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Mirrorimage37
03-13-2004, 12:49 AM
I have a client whose lawn is patchy and at best mostly weeds. Would I be be better off with a weed and feed, then drilling in new grass, or just rototilling everything under, testing and correcting ph and broadcast seeding and cover with straw. Funny thing is the front lawn has a huge hump from the septic (Im in Floida, water table is high), anything special to deal with the slope? Soil is mostly sand. Thanks much Matt

DIRTRACING20
03-13-2004, 07:39 PM
guys i'm in the same boat and icould use your help the client's yard is very patchy the yard need's to be tilled and redone should i use a rototiller and till it under? They also need to haul in some dirt. and do a little releveling any help with what to use to prepare the lawn to start a new one would be of great help thanks alot

Randy Scott
03-13-2004, 11:23 PM
I was taught that if a lawn is comprised of approximately 40% to 45% weeds, or undesirable grasses, that you would want to improve it with cultural methods. Proper mowing, aerations, dethatching, pesticides (herbicides, insecticides, fungicides) depending on what is all going on with the turf.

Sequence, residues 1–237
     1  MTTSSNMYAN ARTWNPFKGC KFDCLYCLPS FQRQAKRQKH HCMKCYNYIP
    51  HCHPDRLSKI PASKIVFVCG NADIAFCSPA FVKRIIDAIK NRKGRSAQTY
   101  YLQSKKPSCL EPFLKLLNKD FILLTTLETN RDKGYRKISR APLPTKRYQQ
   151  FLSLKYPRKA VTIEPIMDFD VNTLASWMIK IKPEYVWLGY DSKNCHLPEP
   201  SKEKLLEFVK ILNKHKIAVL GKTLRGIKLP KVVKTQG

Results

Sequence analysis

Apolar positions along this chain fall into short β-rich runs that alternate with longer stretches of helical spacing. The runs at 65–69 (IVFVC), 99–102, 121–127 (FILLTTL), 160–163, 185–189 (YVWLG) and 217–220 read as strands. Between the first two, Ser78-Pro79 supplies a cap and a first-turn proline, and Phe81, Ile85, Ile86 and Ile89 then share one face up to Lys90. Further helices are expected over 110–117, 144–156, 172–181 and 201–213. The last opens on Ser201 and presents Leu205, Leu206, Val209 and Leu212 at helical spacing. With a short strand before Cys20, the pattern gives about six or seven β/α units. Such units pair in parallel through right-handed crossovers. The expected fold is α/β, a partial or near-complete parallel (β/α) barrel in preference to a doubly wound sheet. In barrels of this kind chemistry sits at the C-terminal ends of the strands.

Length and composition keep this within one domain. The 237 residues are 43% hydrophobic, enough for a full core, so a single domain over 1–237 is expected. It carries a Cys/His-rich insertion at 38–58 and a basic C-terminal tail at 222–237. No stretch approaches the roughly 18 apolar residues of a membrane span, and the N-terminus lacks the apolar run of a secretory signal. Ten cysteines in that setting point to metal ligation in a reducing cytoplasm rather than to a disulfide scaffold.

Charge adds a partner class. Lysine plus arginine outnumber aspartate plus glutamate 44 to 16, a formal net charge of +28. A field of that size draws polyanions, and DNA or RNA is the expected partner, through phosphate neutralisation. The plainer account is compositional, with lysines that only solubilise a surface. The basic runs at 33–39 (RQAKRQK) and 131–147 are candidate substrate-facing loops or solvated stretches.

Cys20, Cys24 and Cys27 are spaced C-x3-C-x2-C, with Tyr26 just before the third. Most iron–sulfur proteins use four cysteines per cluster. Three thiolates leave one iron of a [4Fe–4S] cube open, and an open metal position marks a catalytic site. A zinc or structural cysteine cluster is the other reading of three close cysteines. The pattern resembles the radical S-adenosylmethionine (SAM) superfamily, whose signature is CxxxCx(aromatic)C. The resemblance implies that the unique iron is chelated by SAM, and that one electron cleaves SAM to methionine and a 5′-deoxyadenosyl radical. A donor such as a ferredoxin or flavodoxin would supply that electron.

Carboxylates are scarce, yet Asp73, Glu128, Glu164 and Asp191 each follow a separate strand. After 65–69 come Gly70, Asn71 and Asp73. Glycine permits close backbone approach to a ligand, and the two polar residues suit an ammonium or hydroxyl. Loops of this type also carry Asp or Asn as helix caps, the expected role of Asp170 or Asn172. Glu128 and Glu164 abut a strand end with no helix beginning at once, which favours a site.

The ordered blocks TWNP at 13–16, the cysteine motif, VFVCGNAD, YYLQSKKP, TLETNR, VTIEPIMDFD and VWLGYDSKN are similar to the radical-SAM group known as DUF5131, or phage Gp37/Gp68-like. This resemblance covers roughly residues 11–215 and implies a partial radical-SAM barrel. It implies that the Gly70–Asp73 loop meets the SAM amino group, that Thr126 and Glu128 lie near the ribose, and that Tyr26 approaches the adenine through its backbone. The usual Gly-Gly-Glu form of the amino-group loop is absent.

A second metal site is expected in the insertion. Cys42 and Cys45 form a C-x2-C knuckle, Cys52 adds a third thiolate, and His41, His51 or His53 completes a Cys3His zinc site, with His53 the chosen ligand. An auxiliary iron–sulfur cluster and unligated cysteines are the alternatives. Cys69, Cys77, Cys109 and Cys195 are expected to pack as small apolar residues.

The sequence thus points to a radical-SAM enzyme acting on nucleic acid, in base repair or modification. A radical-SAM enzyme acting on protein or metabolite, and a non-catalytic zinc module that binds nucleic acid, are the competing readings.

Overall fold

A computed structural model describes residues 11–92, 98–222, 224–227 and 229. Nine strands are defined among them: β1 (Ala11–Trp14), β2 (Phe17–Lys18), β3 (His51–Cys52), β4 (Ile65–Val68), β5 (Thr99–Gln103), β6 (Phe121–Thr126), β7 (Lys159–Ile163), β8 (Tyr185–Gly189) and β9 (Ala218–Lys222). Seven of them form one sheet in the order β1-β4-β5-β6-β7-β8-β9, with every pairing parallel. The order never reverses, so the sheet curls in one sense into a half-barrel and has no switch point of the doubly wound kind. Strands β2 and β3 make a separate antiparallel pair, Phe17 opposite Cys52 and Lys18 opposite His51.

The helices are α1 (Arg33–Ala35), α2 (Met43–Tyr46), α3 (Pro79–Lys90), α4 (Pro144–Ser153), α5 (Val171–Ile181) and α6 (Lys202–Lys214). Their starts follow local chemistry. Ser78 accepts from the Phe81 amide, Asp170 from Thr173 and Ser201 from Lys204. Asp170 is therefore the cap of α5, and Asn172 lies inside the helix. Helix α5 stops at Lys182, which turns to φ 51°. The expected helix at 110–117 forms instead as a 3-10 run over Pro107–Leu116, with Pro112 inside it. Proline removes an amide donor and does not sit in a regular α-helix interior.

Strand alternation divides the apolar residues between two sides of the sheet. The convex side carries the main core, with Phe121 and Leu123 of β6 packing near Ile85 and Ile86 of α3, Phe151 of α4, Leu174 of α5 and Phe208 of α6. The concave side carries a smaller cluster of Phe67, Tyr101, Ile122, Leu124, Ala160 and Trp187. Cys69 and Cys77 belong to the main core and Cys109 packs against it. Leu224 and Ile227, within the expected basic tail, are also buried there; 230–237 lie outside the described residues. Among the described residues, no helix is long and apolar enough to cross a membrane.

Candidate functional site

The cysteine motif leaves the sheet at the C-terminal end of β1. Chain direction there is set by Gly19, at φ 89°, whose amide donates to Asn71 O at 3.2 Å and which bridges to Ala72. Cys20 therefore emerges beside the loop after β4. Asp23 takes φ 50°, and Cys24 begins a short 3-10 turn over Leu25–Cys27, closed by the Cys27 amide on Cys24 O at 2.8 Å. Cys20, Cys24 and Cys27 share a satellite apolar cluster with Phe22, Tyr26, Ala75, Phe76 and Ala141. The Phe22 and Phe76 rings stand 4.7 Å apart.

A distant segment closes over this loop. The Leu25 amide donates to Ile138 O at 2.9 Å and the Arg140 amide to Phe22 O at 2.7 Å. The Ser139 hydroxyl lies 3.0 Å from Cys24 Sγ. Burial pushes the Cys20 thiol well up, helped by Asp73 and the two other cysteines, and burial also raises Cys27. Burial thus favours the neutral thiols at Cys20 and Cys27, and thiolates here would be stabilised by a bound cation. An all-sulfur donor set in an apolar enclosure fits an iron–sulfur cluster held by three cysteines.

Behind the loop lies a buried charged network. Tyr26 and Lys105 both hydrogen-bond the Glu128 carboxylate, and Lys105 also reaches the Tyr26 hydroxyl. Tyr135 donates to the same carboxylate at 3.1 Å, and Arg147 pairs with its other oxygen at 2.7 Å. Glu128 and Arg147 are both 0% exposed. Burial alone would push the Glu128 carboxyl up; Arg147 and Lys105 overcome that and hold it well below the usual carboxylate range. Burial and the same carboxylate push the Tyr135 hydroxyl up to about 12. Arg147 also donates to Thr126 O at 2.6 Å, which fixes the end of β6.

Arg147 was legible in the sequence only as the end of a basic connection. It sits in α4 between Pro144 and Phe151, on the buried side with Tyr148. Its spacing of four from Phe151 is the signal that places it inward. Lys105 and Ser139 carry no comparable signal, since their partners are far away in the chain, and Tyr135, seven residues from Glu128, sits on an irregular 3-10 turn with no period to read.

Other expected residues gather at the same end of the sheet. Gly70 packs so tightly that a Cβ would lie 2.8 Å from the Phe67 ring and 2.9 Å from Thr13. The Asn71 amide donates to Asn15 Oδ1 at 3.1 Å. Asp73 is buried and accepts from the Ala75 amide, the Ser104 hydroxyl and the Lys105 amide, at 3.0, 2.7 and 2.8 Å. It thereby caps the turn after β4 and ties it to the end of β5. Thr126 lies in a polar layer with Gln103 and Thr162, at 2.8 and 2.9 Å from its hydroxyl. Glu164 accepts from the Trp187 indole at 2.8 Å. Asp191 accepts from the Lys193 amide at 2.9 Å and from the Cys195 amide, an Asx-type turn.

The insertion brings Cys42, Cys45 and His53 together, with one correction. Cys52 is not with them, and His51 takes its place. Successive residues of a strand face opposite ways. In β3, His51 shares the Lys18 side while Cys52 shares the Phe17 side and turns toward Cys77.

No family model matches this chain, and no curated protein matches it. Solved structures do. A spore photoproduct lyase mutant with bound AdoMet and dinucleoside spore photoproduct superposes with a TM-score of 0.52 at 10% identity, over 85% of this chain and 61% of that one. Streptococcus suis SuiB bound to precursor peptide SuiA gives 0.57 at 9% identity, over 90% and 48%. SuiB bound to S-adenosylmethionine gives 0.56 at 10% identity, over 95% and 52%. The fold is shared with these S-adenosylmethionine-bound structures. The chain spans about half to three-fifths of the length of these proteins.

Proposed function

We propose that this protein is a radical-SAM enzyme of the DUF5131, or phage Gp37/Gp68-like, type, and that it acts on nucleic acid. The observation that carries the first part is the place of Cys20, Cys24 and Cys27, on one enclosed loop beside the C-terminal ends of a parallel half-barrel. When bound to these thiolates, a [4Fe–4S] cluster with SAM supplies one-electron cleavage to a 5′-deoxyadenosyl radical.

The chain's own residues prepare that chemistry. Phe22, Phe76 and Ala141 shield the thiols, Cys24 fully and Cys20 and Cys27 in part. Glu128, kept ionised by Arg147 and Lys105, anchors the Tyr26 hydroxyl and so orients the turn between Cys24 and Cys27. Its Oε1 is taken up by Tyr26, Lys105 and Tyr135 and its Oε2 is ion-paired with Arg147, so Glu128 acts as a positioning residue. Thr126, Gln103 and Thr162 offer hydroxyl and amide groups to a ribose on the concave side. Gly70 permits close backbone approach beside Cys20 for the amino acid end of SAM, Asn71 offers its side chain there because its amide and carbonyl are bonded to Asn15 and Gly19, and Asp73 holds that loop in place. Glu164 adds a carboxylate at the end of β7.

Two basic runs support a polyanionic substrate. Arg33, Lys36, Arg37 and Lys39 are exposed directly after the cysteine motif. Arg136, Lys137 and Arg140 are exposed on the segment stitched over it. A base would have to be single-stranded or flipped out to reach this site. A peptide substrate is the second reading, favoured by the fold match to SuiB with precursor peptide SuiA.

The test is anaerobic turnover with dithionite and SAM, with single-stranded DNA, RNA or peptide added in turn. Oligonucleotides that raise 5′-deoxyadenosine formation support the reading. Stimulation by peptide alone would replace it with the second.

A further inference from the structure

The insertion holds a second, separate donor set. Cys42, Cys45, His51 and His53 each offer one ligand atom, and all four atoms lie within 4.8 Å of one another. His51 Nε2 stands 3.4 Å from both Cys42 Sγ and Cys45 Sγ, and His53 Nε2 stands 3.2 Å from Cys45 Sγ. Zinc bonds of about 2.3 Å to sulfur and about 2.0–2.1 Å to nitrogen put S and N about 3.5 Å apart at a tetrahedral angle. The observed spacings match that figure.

A lawn of any nature worse than that, do a total kill, till, and re-seed.

Old Hippy
03-24-2004, 10:41 AM
Lawn Renovation tips.
1. If the lawn is 50% more of healthy grass try to save it.
2. I would not till for a renovation unless you want to level the lawn in the process. Then loosen up the top and level accordingly.
3. If you want to remove all the old stuff get a sod cutter. cut and remove the old lawn.
4. The way I would do it if I wanted to replace the old lawn and did not need to level and did not want to remove the old stuff is this.

Roundup the existing turf. Wait the reccomended time say 7 to 14 days then overseed the new lawn right through the dead lawn. This is providiing there is not alot of thatch. If there is alot of thatch then remove it. A lot is more than half and inch. Plants and leaves do not count only thatch. If it is ok under half an inch then overseed right through it.

Now be sure and use a good quality slicing overseeder. One that cuts slits all the way to the soil and at least a quarter inch into the soil. The spacing needs to be 2 inches apart or less. Now be careful when you go to the rental store they will try to rent you a machine that has like flail blades. Flail blades will not cut well. They have to be fixed knifes or blades 2 inches or closer together. Go across the lawn twice at 45 degree angles and have a good after care plan ready.

Do not use weed and feed or you will kill the new grass

Old Hippy

Enviro Green
03-25-2004, 12:34 AM
Good advice ol hippy